Monday, January 13, 2020

The Weekly Wrangle

The Texas Progressive Alliance marks some of our Republican leaders' more egregious conduct in this week's roundup of the best blog posts, Tweets, and news from around and about our Great State.

Our devout Christian governor turns into Judas again.

Our lazy-eyed indicted attorney general is busy getting government off our backs.

From the Strange Bedfellows Department, Karl Rove shares the same concerns (with Dennis Bonnen) of Donald Trump that Barack Obama has of Joe Biden's campaign.

But Trump has bigger crawfish to boil than Rove; he doesn't want to be eclipsed by his junior partners in Austin.  Failing (for now) in starting WWIII with Iran, he's going on the attack against our air and water, via the EPA.

So we need to elect some environmental guardians in 2020.  Steve Taylor of the Rio Grande Guardian covered the Democrat running for Railroad Commissioner who visited the Rio Grande Valley this past weekend.

Chrysta Castañeda at a breakfast meet and greet at Mi Casita Adult Day Care in Pharr, Texas.

Asked about her top campaign issues, Castañeda spoke mostly about the need to eliminate the flaring of natural gas in Texas oilfields.

“We have had laws on the books for 100 years that prevent the waste of our natural gas, which, currently, the oil companies are lighting on fire. The oil is produced along with natural gas and they flare the natural gas rather than take it to market,” Castañeda said.

“If we turned that natural gas into electricity, it would be enough to power the city of Houston. There is so much waste going on. ... My opponent will not enforce that (100-year old) law because the oil companies find it too costly to follow the law. I will enforce the law.”

In Democratic presidential candidate developments, New York billionaire Michael Bloomberg spent last weekend on a bus tour of Texas.  He met with supporters in San Antonio and Austin, kicking off on Saturday in Dallas, where he campaigned with television's Judge Judy.  The Houston Chronicle reported former mayor Pete Buttigieg made a three-day trip to the Lone Star State last week; he hosted two Dallas fundraisers and a private meeting with local Democrats at Paul Quinn College.  And Joe Biden will attend an event this week in Dallas, along with a fundraiser hosted by former mayor Mike Rawlings.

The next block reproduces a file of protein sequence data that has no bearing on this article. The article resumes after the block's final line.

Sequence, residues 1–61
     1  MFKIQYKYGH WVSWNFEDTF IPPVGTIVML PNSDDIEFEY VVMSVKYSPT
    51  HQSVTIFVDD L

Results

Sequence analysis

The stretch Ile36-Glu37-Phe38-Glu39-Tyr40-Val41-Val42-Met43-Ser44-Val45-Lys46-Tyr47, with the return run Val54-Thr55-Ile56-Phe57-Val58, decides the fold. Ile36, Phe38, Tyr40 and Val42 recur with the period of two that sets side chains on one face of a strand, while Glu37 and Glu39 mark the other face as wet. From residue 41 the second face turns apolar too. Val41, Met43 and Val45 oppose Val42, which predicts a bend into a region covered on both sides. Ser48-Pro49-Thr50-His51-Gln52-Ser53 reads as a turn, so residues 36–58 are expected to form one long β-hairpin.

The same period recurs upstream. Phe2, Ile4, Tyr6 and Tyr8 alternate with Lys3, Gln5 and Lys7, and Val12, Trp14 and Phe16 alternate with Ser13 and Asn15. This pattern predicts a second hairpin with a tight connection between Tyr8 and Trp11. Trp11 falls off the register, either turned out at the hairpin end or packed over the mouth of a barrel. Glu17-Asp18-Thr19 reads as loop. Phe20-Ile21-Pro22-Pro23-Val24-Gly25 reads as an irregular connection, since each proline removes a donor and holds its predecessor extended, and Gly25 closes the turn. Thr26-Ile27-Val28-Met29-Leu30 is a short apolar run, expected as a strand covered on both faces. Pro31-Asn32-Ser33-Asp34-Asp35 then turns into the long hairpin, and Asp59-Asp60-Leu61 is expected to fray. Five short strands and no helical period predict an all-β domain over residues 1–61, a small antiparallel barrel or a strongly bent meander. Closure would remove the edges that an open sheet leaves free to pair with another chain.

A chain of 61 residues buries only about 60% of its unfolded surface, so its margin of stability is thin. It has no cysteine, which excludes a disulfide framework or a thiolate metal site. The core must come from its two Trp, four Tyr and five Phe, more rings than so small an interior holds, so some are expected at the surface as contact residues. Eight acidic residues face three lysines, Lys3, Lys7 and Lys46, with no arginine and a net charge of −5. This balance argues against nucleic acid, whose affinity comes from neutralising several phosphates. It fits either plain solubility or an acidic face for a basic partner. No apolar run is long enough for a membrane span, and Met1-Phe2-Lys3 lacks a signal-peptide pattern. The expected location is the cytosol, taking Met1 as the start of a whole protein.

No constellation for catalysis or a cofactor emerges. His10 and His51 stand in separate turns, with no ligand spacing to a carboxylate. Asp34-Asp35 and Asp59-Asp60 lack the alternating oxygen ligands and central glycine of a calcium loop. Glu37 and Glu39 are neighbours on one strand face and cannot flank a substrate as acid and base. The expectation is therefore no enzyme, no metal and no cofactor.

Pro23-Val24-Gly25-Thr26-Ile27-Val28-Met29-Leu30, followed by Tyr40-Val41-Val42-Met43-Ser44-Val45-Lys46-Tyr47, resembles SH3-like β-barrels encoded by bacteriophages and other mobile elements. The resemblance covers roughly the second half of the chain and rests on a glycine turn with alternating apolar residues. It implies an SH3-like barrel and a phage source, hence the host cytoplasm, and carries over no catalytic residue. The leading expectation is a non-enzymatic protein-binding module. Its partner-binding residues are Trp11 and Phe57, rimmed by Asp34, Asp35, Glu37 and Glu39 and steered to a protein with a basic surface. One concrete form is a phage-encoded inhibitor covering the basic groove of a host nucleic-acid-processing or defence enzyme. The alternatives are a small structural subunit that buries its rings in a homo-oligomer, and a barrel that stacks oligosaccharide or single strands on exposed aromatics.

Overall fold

But some Democrats don't think this is enough.

"We had a moment where it felt like Texas was important to everybody, and then it slid to the back burner," said Harris County Democratic Party Chairwoman Lillie Schechter, reflecting a sentiment several other Texas Democrats shared with The Texas Tribune.

The fear is that a few weeks of television advertising and a few pit stops in the state as candidates blitz the rest of the South are not sustaining investments toward making Texas a battleground state and making progress down-ballot, like winning the state House of Representatives.

PDiddie at Brains and Eggs posted a two-part weekly Dem prez update focused on tomorrow's debate and the re-ordering of the leaders due to Bernie's surge and Biden, Warren, and Buttigieg's foundering, as well as the usual snark.  There will be an update on Tuesday about the debate and the latest on the Warren/Sanders 'she said/he said' bullshit.

There was a Texas Senate candidate forum in Houston over the weekend, and the candidates blasted both Greg Abbott and John Cornyn.